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Feature: Kenya's night comes alive as Chinese-sponsored concert ignites revelers' spirits

by Naftali Mwaura
Monday April 8, 2024

A singer interacts with his audience during a Chinese-sponsored music festival in Nairobi, Kenya, April 6, 2024. (Xinhua/Wang Guansen)

Braving chilly weather, a young crowd of revelers filled the giant Agricultural Society of Kenya (ASK) dome in the Kenyan capital of Nairobi, Saturday evening to attend the Boomfest, a musical concert sponsored by Boomplay, a popular music streaming platform in Africa.

One by one, popular artists joined the well-lit stage of the ASK dome, belting out lyrics that lightened the mood of the audience.

Sylvia Saru, a female rap artist who headlined the show had a powerful stage presence, winning the hearts of fans with songs whose message captured popular social themes.

"Basically, this Boomfest show is here to unite us, to celebrate Kenyan music and give visibility to our own artists," Saru said on the sidelines of the well-attended festival.

Among the Chinese firms that sponsored the festival was Transsion, the parent company of the Infinix, Tecno, and Itel brands of smartphones that are popular in Kenya, as well as Oraimo, a maker of wearables and music-listening devices.

Africa's largest music streaming platform, Boomplay, founded by a young Chinese entrepreneur together with Kenyan innovators, convened the Boomfest, which attracted over ten local artists.

Martha Huro, the managing director for East Africa at Boomplay, said the festival was aimed at celebrating the rapid evolution of indigenous music while honoring the resilience and agility of local artists. "We need to celebrate African music in Africa, which does not happen often. As a number one music streaming app in Africa, we decided to organize a festival for the African market," Huro said.

She added that Boomplay, founded in 2015 by Transsnet Music Limited, has been crucial in revolutionizing Kenya's entertainment industry, forging robust ties between artists and their fans.

According to Huro, Boomplay has boosted revenue streams for local artists besides helping them fight piracy and is user-friendly and affordable to music lovers compared with other Western competitors.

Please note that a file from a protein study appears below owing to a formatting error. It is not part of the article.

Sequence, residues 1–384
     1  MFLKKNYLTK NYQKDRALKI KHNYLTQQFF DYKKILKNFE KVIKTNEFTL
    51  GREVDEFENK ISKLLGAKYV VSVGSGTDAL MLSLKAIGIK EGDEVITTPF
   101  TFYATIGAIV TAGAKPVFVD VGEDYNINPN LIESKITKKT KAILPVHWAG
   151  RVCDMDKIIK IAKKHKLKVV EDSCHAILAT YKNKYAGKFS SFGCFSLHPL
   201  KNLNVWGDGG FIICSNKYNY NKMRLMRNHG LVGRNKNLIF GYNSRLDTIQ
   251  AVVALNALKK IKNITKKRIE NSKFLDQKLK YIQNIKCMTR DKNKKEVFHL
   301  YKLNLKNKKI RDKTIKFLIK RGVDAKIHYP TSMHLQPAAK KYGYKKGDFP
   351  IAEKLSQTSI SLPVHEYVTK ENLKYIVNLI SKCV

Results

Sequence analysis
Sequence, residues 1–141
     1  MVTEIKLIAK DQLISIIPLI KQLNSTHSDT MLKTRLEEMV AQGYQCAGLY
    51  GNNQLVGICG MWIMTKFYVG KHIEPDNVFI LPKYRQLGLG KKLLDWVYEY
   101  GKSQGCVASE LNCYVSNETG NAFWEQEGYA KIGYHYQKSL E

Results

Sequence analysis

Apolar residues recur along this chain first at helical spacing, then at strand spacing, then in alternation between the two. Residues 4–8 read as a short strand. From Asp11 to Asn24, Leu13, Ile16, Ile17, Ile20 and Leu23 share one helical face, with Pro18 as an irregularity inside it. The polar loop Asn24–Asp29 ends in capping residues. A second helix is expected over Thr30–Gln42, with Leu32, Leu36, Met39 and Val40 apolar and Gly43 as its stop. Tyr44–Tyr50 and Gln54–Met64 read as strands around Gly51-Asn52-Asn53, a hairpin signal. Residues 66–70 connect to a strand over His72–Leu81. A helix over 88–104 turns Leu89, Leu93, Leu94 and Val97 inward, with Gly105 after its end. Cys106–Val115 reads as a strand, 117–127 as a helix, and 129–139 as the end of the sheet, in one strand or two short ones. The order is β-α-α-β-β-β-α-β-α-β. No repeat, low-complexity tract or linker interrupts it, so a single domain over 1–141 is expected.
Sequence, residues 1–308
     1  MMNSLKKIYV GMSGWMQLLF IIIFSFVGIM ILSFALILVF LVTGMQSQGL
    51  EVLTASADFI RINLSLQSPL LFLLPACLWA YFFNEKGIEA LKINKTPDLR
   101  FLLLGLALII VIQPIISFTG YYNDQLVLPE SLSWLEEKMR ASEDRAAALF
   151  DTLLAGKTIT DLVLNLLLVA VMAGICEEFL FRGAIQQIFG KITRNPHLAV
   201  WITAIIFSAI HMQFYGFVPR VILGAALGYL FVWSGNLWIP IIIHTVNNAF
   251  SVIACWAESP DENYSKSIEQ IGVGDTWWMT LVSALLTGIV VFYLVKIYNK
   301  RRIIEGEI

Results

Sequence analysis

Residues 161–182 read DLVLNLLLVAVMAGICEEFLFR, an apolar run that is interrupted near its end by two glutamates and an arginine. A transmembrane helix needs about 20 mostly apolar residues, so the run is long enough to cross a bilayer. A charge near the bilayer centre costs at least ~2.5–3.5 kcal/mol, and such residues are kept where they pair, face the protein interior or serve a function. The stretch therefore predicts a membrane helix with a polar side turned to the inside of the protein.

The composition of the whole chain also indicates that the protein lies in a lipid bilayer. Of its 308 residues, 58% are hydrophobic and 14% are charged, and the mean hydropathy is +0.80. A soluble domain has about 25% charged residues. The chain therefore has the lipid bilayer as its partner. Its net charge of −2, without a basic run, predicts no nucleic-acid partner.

In Africa, Boomplay has more than 100 million users and in Kenya, the music streaming platform has about 4.5 million active users and 15 million total users, according to Huro.

She said that in Boomplay, Kenyan artists and their fans have found a credible platform to stream music, adding that it has been embraced by about 10,000 local artists. Huro said that Boomplay's business model is sustainable, and based on embracing the needs and aspirations of local users, while the platform has focused on live music shows, diversifying revenue.

Besides providing a platform for Kenyan artists to showcase their talents, Boomfest created business opportunities for vendors in the transport and hospitality sectors.

Benjamin Otwal, the owner of a recording label and Boomplay's ex-employee, said that by organizing Boomfest, the music streaming platform was able to engage directly with its users, attend to their expectations, and boost its revenue streams.

According to Otwal, Kenyan artists and their fans are now more conscious of the benefits of streaming music, thanks to the mass market platform provided by Boomplay.

A music promoter, who preferred to use his business name Jinx, said that Boomfest raised the profile of local artists, enabling them to connect with their audience in a friendly environment. "I liked Boomfest, it is high time we had more programming with local artists. It is good to build platforms where our local artists shine and connect with their audience," Jinx said.


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